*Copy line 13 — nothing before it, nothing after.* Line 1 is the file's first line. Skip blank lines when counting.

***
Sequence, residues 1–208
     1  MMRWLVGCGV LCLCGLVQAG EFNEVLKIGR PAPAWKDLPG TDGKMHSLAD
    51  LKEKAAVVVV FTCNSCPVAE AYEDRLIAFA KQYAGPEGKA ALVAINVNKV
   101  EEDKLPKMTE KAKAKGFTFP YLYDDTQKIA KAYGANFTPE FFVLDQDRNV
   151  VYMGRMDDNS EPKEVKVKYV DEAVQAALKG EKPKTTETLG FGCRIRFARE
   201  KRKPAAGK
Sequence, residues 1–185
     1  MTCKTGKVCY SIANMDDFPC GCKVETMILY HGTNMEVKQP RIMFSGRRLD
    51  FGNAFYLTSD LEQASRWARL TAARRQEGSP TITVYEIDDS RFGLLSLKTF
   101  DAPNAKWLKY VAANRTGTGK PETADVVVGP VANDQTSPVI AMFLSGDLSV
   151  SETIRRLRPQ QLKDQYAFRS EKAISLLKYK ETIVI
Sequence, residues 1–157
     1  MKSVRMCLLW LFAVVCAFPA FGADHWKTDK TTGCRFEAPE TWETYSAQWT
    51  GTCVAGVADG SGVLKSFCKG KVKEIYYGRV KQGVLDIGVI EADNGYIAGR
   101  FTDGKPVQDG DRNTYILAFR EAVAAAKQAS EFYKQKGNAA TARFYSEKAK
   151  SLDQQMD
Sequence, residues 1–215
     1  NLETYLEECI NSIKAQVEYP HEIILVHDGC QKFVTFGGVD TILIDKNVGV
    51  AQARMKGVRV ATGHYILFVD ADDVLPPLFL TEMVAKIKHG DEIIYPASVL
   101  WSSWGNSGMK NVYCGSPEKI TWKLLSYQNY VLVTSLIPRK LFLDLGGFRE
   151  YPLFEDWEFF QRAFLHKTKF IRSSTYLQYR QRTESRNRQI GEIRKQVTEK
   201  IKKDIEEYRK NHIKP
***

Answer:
     1  MKSVRMCLLW LFAVVCAFPA FGADHWKTDK TTGCRFEAPE TWETYSAQWT